English Language & Literature A Level

student smiling in classroom
Getting Ahead

English Language & Literature A Level at Havant Campus

We look forward to welcoming you to this stimulating and enjoyable course, which takes in some of the highlights of British and American literature from the 20th and 21st centuries, alongside a huge range of non-fictional accounts of historical figures and moments, some well-known, others less so. These recommendations will help you to prepare.

two female students reading books in class

You have a choice of two activities that are designed to help you reflect on our present-day context. One major health-related story is dominating our year of course, and you can explore this in Option 1. However, if you’d rather think about something different, you’re welcome to take Option 2.

Compile a scrapbook of non-fiction writing (at least five examples) that records the experiences of the lockdowns of 2020 and 2021. It could be digital or physical, and include things like:

  • newspaper reports or official documents covering the major news stories of the time;
  • articles or blog entries that describe the changes and challenges of our times; and
  • your own diary-style accounts of your experiences and feelings during this time.

Compile a scrapbook of reviews of cultural artefacts you have enjoyed this year (at least five examples). This could be digital or physical and include the reviews of others or your own for things like:

  • novels or other forms of literature;
  • any online theatre you’ve seen;
  • films or television series; or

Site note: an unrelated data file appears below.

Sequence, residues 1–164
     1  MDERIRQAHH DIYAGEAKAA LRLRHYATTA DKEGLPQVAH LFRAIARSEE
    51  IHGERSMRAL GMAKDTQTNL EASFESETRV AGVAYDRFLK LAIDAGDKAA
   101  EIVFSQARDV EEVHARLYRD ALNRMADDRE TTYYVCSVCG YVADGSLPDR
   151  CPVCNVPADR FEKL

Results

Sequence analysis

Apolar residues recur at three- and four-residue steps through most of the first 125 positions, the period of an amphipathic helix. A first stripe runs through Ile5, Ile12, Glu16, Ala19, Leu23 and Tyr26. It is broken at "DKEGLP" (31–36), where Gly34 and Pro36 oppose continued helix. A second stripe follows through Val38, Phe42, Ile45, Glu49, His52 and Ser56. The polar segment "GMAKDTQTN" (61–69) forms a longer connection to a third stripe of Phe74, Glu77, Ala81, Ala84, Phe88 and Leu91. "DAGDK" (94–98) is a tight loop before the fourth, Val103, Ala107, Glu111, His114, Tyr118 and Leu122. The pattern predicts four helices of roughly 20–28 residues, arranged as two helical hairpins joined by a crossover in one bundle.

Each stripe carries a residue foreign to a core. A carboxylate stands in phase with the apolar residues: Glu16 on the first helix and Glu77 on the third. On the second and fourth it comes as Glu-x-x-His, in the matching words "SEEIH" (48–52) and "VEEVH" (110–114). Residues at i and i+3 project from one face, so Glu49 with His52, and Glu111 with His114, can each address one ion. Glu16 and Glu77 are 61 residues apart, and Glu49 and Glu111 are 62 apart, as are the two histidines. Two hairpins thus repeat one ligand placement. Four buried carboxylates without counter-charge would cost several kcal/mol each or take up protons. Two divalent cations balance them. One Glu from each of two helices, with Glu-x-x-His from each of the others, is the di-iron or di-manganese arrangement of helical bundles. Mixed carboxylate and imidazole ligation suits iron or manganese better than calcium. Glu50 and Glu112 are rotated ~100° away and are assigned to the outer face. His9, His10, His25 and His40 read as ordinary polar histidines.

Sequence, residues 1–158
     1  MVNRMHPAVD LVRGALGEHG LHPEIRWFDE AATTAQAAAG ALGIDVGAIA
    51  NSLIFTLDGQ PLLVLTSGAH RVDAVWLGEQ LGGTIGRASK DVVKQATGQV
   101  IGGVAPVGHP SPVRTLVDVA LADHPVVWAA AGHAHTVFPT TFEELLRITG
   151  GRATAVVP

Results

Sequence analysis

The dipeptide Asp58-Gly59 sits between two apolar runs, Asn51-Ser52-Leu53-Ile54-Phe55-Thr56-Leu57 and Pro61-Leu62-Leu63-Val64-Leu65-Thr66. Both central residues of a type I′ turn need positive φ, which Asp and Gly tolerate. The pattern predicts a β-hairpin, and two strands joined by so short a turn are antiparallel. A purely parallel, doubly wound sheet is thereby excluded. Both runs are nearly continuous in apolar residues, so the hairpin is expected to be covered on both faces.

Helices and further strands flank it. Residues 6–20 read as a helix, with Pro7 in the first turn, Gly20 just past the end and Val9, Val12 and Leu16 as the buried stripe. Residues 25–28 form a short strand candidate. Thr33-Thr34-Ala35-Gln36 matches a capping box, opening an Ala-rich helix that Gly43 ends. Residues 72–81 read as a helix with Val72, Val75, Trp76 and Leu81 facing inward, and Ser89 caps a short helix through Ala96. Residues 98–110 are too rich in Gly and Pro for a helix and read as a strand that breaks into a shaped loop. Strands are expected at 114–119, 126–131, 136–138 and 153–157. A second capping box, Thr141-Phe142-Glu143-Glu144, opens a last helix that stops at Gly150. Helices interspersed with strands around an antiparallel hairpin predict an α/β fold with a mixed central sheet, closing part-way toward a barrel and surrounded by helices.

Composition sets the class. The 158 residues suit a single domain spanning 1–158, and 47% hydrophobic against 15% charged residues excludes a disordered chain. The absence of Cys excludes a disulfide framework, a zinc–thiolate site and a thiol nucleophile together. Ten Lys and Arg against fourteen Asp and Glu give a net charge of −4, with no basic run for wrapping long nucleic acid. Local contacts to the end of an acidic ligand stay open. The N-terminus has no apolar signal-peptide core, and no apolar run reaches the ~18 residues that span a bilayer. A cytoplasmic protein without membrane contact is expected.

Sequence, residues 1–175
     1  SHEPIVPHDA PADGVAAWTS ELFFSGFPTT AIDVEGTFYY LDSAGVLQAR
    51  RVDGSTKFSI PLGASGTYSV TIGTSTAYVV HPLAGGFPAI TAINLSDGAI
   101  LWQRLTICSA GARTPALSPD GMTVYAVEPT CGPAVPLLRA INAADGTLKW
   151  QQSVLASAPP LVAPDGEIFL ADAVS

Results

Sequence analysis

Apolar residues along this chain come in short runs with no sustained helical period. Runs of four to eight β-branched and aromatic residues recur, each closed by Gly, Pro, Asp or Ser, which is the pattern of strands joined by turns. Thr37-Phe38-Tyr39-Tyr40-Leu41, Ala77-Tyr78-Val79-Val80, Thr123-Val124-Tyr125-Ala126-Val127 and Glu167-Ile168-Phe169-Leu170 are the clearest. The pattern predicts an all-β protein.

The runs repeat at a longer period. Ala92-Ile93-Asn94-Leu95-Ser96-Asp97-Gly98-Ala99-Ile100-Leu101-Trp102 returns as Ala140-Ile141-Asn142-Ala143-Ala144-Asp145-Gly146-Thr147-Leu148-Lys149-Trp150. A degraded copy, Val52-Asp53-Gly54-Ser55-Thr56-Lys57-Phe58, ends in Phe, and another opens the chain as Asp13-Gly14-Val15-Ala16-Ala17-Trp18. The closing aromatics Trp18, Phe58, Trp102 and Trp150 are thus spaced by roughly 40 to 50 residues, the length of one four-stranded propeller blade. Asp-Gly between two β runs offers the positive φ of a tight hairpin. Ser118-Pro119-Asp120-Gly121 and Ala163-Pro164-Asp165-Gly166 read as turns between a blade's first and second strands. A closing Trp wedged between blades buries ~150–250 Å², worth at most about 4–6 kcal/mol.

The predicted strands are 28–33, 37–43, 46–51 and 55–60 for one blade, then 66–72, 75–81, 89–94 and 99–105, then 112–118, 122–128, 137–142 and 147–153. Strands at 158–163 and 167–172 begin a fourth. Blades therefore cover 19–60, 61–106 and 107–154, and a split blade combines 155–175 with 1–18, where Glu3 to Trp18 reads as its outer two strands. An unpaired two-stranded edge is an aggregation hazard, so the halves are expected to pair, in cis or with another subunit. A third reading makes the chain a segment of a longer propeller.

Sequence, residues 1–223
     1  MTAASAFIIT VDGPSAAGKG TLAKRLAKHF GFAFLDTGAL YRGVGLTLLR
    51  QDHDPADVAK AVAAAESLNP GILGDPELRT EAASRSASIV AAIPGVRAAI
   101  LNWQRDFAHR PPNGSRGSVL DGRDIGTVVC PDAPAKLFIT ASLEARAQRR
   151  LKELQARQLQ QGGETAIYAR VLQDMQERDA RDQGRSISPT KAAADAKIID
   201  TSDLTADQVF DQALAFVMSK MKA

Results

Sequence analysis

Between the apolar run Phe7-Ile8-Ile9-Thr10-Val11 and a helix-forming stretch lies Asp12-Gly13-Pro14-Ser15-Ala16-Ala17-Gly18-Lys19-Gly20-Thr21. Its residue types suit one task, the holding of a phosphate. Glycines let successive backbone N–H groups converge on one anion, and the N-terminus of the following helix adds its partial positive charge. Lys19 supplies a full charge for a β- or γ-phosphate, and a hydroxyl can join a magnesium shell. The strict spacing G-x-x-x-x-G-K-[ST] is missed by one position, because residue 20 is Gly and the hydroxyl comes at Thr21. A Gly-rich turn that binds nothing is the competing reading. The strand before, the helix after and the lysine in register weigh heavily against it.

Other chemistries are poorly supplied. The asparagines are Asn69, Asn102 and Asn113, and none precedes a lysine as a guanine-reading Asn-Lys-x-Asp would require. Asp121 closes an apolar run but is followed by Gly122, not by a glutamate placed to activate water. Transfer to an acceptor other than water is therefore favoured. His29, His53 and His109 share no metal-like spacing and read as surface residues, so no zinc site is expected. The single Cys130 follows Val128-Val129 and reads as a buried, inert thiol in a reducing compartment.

• music – individual songs, albums or live events seen at home.

Watch a film version of The Great Gatsby and note your response.

There are a number of filmed versions of the novel available, including the most recent and popular version directed by Baz Luhrmann and starring Leonardo di Caprio, Tobey Maguire and Carey Mulligan. Watch this, or another adaptation, and write your personal response to the story, settings and characters, in 300 words or under.

You could also read this negative view of the film and respond by agreeing or challenging the view.

You could also watch this documentary, the BBC’s ‘Sincerely F Scott Fitzgerald’ which explores the life of the author of the novel and the inspirations behind it:

You will eventually be comparing The Great Gatsby to a poetry collection by Philip Larkin called The Whitsun Weddings. You could also start to find out something about his life, poetic style and some examples of his poetry.

Explore the articles on the Penguin Books website. Some of these are written by well-known authors and many have recorded the cultural and social changes of 2020.

Explore the extensive archives of The Guardian Culture section. Here you’ll find fascinating articles on TV, film, music and games.

The English & Media Centre has some good videos to show the types of levels at which we discuss Language & Literature at A Level, including some that recommend ‘good reads’ and others that describe the transition from GCSE to A Level that you can expect.

We will provide you with copies of the texts you will study. However, if you do want to go ahead and find/buy your own copies to read them in advance, you could do this for The Great Gatsby by F. Scott Fitzgerald and the poetry collection The Whitsun Weddings by Philip Larkin. These are currently our set first-year texts but this is subject to change. Students who are widely read and well-engaged with their own culture and society always do well, so those scrapbooks from Activity Option 1 or 2 will also come in very handy in the future.

*This is a representation of your learning space and may not be the exact room you will be using

The teaching and support was really great, the quality was really great, all the teachers really care about your education as well as your wellbeing, they take everything into consideration and they’re great.

Katie Whittingham, A Level student

"I am delighted with my results and am really looking forward to studying Law at Oxford University. I really enjoyed my time at HSDC Alton and I really appreciate all the help and support from my fantastic teachers, without whom I wouldn't have got my place at Oxford."

Catherine Goldie, HSDC Alton A Level Student

College is definitely worth all the effort you put in, you get to meet lots of different people and it’s amazing.

Ebony Puttock, A Level student